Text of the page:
The later kind of artificial fooling draws, in part, on Erasmus’s justly famous Praise of Folly. Folly, personified there, announces the silliness of worldly pursuits from an alternative evaluative standpoint, the Christian hope of heaven and its rewards. But looking back the other way, such hopes of heaven and rewards look like stupidity too. Erasmus’s lesson is that what looks like ‘folly’ from one standpoint is wisdom from another. Both standpoints conceive of the way we ought to operate in the world differently, and with a totally different vision of order.
So fools are beings who embody the common sense of disorder so that they can be laughed at. In doing so, however, they are often encouraging in us, at the same time, an alternate stance on the world and what is important. Such ‘fools’ come all the way down to us in much standup comedy where the fool on stage must embody ordinary disorder first before showing its wisdom from another angle. Feminist comedians often have a have a hard time in getting across their wisdom and insight into the disorders of patriarchy because it is much easier for an audience shaped by the forces of patriarchy to laugh at women themselves as ‘deviations’ of the norm. Feminist ‘fools’ often have to toy with the need to embody disorder (from a patriarchal perspective) themselves before they can reveal the contradictions and inequality in patriarchy (disordered, from a feminist perspective) that we see all through our social system.
Fools do two things then. On the one hand, they construct a bit of disorder for us and ask us to see it with enough emotional distance that it is laughable. That kind of laughter is socially bonding and can be deeply pleasurable. It is, in effect, an expression of our values, our order. In this way, fools expose to us just how important order, control, predictability, and dare I say it, profitability are within our dominant culture. They make the obvious visible to us again. This kind of fooling, perhaps the spirit in which most April fools’ pranks are conducted, acts as a mirror reflecting ourselves back to us, exposing our standpoints afresh.
One of the most arresting public April Fools’ Day pranks of relatively recent years, pictured above, was the Copenhagen metro hoax in 2001. An old train had been sheered at an angle and placed in the town square with bricks all around to make it look like chaos bursting up out of its channels and rupturing the city’s otherwise composed and orderly place of business. This is an arresting spectacle not immediately funny until the comic frame of reference brings with it sufficient emotional distance from the terrifying prospect to render it laughable. The spectacular prank no doubt kept its first live viewers at the border of horror and humour for a while. At those borders, our everyday reliance on order, stability, and efficiency becomes palpably, indeed viscerally clear, afresh. In the recognition of its safety as comedy such a spectacle then becomes a powerful social enactment of shared value.
But on the other hand, fools can also help us to see our sense of order afresh. When they push us to the edge of what we can tolerate, they ask us to find a different kind of distance, not just the one from which we all laugh together at a safe stylized violation of what we really value, but a dangerous kind of distance, one that begins to alienate us from our very values. Does the Copenhagen metro example even move in this direction? Perhaps the implied ‘order’ behind the spectacle of disorder here is itself made out to be problematic from other angles. Perhaps, that is to say, spectacles like this suggest that we are too reliant on our systems, too complacently inured to their security, unconcerned with what will happen to our world when they break down.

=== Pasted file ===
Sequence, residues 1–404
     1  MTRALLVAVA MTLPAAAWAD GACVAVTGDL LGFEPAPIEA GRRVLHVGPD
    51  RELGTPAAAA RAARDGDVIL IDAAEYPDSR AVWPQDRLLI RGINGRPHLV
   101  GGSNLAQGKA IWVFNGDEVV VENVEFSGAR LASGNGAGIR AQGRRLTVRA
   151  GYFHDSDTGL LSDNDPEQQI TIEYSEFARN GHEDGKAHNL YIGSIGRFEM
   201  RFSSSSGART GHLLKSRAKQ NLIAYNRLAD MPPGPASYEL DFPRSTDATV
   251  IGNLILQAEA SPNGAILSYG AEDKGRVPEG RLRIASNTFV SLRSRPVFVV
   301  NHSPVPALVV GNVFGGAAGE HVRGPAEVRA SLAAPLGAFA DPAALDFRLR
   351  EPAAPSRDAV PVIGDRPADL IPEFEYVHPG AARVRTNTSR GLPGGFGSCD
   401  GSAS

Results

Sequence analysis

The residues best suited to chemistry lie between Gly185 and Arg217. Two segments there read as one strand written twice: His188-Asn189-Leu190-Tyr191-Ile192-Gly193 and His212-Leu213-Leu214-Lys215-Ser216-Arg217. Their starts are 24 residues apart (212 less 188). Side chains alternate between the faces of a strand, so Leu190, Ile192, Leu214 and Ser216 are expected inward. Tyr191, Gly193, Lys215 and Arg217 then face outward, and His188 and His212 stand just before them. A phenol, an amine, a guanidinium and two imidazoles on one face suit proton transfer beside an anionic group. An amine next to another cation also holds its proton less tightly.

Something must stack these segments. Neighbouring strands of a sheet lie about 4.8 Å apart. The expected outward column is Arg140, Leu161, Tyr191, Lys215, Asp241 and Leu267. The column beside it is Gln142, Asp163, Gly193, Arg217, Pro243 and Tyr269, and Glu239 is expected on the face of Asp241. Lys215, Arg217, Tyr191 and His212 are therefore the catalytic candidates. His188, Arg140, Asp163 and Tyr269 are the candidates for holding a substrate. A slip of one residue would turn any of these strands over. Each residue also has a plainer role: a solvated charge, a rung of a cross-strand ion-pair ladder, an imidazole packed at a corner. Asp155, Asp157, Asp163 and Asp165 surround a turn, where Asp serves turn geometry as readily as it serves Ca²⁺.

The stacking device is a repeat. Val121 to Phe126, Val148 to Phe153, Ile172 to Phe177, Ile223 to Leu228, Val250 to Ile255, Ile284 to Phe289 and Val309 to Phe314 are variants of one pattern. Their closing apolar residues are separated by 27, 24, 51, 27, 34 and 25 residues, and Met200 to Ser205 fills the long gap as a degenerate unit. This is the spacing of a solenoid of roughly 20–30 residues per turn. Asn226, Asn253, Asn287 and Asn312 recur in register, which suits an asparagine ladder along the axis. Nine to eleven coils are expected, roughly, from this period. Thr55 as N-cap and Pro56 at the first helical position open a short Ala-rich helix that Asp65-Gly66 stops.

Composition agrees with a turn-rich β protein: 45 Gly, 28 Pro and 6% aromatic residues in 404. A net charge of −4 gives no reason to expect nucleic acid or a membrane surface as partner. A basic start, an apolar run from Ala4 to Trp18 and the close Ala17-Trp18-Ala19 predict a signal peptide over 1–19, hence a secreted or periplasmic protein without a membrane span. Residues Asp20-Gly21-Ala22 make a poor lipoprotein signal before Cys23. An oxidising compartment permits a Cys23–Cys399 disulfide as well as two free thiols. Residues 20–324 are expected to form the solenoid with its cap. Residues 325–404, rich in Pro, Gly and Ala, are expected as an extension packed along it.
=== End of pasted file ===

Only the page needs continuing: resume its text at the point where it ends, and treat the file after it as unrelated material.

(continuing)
The history of the fool helps us to see those two sides of order in disorder and disorder in order because we can watch the play of historical values in past comic cultures from a distance. Historical investigations into past emotions are not dusty old questions. History is never dusty. It’s exciting because it’s something we make, or better, something we make. It tries to illuminate our own world/s. Next time you find your sense of order threatened, or dashed to pieces, by an annoying fool who tells you to lighten up because they’re only joking, it may be time to get out the boxing gloves or the rule-book, but it may also be worth considering whether the fool has anything worth listening to.
By CHE Associate Investigator Daniel Derrin.
When discussing his decision to vote against the government’s proposed higher education bill on the 4th of March, Clive Palmer made a rather alarming remark, suggesting that Prime Minister Tony Abbott “commit suicide” over the issue. Pressed to clarify, Mr Palmer continued, “it’s suicide, political suicide, to go against the will of what’s good for the Australian people.” By afternoon, he had tweeted an apology, saying he had “inadvertently used the term suicide” when he really “meant political suicide”. That is to say, he intended to use the term in a figurative rather than a literal sense.
Palmer’s remarks were clearly inappropriate and insensitive. For a start, they reaffirm the stigma attached to mental illness, and trivialise what is a serious problem for many individuals and families across the country. And whatever we might think about Tony Abbott and his macho bravado, we should acknowledge that the comments were potentially hurtful at a personal level. It was also, in short, just plain rude.